Today, I was the first time alone at the hives since Lauri was away for a conference. I had all the equipment I needed there (apart from matches and a hive tool). It tuned out that the smoker renders useless without matches to light it. Also, opening the hive without a sharp object to be used as a lever is difficult but manageable.
Without the smoke, the bees were a bit more aggressive today, also now there is something to defend: a lot of honey and breed.
Before looking into the hive, I set up the recording equipment and captured about 45 minutes of sounds from inside the hive. There were some interesting sounds to be heard; high-pitched humming and rhythmical knocking. I am curious what this refers to.
After that, I tried something new (actually, it is a very old technique, employed at least since 70 years and described by Eddi Woods): When knocking a hive, the colony will react with a short (about 0.5 seconds long) buzz. This reaction is reported to carry information on the general feeling and behaviour of the colony as a whole; especially telling about possible preparations for swarming or queenless-ness. The Beehacker webpage has an excellent description on this. Here is what the reaction was like:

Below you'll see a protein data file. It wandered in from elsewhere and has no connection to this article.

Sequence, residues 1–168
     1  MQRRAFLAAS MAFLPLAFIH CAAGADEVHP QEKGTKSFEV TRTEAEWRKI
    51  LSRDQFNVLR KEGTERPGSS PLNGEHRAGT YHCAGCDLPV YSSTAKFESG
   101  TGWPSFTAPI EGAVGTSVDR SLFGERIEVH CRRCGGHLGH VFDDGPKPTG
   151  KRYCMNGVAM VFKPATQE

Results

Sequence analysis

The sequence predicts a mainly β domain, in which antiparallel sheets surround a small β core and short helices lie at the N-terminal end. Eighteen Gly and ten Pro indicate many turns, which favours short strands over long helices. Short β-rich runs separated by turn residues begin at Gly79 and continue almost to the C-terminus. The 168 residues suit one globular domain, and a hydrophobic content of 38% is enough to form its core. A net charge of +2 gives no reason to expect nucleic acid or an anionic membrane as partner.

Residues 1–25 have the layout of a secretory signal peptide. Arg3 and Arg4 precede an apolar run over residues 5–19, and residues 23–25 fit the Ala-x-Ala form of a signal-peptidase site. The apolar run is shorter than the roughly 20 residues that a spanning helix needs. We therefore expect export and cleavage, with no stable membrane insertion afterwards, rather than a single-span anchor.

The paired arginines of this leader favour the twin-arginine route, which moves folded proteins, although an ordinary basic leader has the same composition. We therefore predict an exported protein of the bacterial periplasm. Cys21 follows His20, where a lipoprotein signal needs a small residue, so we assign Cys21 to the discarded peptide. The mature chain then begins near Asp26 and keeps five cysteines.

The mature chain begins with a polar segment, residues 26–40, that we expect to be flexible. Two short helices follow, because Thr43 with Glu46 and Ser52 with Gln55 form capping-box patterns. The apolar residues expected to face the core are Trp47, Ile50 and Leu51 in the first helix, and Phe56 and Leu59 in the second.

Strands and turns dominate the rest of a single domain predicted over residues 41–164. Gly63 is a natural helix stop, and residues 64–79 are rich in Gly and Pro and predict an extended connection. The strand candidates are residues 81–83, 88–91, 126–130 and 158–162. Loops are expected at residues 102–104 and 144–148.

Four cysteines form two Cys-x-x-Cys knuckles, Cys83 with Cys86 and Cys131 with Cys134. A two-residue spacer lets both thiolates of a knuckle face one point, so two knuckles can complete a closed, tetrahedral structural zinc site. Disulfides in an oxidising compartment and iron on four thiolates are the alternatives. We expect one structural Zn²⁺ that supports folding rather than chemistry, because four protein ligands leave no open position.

As I am repeatedly asked for the typical sound of buzzing bees, I recorded some sounds with a stereo microphone setup directly in front of the entrance.
The hive growth is truely exponential, seemingly limited by the ability to construct combs rather than by the queen to lay eggs. The three frontmost elements are the wild gown combs; note the different pattern in which the bees are crawling there.